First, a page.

Campaign to cut alcohol intake

A campaign to encourage people to reduce the amount of alcohol they drink is being launched in Liverpool on Monday, 18 November.

Dry January, run by the Public Health team at Liverpool City Council, aims to get people thinking about their alcohol intake in the run up to the festive season, and commit to reducing it through the first month of 2014 and beyond.

It is estimated that more than 40,000 adults in Liverpool drink more than they should do – with around 11,000 at a high risk of harm.

Using the slogan ‘Fewer Units, More Happy Hours’, the campaign wants as many people as possible to pledge to cut their drinking through a new website –

The online portal includes tips on reducing drinking and a downloadable app for smartphones which enables users to measure the alcohol content of drinks.

People are being asked to consider:

• Having two free alcohol days per week
• Alternating alcohol with soft drinks
• Choosing drinks with fewer units
• Not keeping lots of alcohol at home

The campaign is being launched at the alcohol-free Brink Bar on Parr Street in the city centre at midday.

Deputy Mayor, Cabinet member for adult social care and health, Councillor Roz Gladden, said: “We have already had success in reducing the number of hospital admissions caused by drinking too much, but we have to do more.

“This work is important because it asks everybody who enjoys a drink to take a moment to look at what their habits are and commit to reducing their intake. It is very easy to underestimate the amount that you are drinking.

“This is a vital step towards reducing the risk of future alcohol related health problems which can have a negative impact on the lives of people and those around them, as well as costing the NHS a lot of money.”

The event will see the inaugural performance of a thought provoking theatre production by Genie in the Gutter, a local charity that supports substance misusers into recovery. Titled ‘One More for the Road’, and set against the backdrop of a hospital accident and emergency ward, it showcases a range of drinkers and how they use alcohol, and aims to get people thinking about their own relationship with alcohol.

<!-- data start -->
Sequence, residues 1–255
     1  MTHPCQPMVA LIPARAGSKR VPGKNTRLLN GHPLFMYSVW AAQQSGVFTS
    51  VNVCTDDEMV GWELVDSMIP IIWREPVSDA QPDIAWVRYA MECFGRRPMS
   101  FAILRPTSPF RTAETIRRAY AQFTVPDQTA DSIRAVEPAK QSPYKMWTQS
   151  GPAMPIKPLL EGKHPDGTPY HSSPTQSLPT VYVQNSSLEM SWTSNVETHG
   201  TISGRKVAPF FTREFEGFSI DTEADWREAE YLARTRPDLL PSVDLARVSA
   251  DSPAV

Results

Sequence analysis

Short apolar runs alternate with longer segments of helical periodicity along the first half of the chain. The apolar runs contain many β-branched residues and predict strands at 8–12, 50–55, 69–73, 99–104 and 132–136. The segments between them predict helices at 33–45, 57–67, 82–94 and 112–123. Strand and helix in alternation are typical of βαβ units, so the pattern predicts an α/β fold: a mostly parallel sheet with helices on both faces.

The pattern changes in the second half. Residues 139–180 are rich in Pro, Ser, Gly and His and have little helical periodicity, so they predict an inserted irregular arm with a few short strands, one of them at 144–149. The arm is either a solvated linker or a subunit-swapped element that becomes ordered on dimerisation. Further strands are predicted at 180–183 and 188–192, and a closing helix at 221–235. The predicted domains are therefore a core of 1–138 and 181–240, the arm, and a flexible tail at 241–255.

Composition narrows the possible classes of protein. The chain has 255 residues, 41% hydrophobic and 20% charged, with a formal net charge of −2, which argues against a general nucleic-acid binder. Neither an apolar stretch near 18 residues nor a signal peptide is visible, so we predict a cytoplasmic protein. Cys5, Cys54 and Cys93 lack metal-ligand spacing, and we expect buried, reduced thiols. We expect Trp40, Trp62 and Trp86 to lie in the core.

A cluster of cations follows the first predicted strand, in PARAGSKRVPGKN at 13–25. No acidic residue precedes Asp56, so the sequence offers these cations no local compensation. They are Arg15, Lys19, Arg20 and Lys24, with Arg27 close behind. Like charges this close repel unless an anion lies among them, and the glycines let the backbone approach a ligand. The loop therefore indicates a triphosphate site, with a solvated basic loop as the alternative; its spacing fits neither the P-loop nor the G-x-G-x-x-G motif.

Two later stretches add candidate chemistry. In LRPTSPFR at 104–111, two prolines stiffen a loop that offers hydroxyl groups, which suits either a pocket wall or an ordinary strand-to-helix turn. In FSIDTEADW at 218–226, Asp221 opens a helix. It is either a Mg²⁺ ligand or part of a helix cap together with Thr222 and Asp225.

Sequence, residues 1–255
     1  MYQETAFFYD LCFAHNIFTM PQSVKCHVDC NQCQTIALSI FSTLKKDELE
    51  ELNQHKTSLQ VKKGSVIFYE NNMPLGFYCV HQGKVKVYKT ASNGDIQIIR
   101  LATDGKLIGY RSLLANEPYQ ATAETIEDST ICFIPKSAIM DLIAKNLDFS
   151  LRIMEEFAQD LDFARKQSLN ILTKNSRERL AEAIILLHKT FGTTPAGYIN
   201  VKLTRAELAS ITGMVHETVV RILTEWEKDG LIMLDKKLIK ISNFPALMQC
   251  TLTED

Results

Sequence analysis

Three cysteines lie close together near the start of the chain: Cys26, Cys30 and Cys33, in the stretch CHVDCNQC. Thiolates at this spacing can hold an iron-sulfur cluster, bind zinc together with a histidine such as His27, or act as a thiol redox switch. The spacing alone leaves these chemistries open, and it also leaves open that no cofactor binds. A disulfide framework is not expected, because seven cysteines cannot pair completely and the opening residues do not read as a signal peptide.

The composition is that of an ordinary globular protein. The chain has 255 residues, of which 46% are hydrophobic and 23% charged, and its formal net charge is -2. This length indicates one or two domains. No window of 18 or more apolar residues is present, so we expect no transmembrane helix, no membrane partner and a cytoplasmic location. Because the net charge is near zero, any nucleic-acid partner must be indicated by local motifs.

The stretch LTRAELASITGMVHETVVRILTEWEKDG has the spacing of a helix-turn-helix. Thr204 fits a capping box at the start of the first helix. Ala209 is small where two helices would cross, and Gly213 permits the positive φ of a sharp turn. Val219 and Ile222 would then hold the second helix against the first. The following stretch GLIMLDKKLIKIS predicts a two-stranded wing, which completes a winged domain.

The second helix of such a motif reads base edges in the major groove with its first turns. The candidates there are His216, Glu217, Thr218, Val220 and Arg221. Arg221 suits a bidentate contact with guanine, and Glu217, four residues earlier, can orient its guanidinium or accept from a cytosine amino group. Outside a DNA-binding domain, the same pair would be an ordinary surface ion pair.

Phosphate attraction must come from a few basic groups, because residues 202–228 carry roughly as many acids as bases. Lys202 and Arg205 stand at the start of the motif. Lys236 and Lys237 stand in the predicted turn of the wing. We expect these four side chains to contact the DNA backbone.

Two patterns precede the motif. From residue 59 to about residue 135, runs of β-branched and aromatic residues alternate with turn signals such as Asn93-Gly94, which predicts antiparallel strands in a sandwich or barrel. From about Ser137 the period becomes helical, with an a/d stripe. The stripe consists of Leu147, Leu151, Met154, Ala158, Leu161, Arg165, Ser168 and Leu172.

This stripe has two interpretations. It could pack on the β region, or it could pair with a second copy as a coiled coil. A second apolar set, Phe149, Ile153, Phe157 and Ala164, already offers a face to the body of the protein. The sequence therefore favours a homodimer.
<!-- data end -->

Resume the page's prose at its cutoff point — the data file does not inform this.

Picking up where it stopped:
The production, which will tour the city, will see interactive workshops taking place after the performance in which the audience will be asked which of the following four types of drinkers they best resemble:

Chardonnay Socialites: Typically middle aged men and women with families who drink to socialise. They tend to have a glass of wine with a meal during the week and more at the weekends with friends. Whilst they often spot the short term effects of their consumption such as weight gain, they think they are in control of their units and don’t realise how much they actually drink

Ritual Relaxers: Typically single and of all ages. They include single parents and those who work unsociable hours. They tend to drink on their own to relax at the end of the day as a reward. They often notice the short term effects of their consumption such as weight gain but are generally shocked to find out how much they actually drink

Balanced Bingers: Typically younger people with no children who drink heavily socially at the weekends. They are likely to drink in clubs and pubs one or two nights a week and tend to mix their drinks. They are aware that they drink a lot on these nights but they feel they ‘balance’ it out by not drinking during the week and by having an otherwise healthy lifestyle, eg: going to the gym and eating well

Drinkers in Denial: Typically older males who drink socially at the pub with friends and when watching the match and some also at home. They tend to drink regularly due to their lifestyles, eg: retired with a lot of free time and they have a strong preference for pints and spirits. They understand the health consequences but they have enjoyed drinking for a long time and are unwilling to change

People will also complete a questionnaire to find out if their drinking is within Department of Health guidelines, or is placing them at increasing or higher risk of alcohol related harm.

Dr Paula Grey, Liverpool’s Director of Public Health said: “The work we are planning to undertake in the coming months is not about telling people not to drink – it is about asking them to consider their own drinking levels to see where they could cut down.

“Our message is that fewer units usually means more happy hours both in the context of better physical health as it will reduce their calorie intake, and improving their mental health and wellbeing.”

Alcohol Concern, a national charity whose goal is to improve lives through reducing the harm caused by alcohol, will evaluate the campaign to measure its success.

Liverpool Waterfront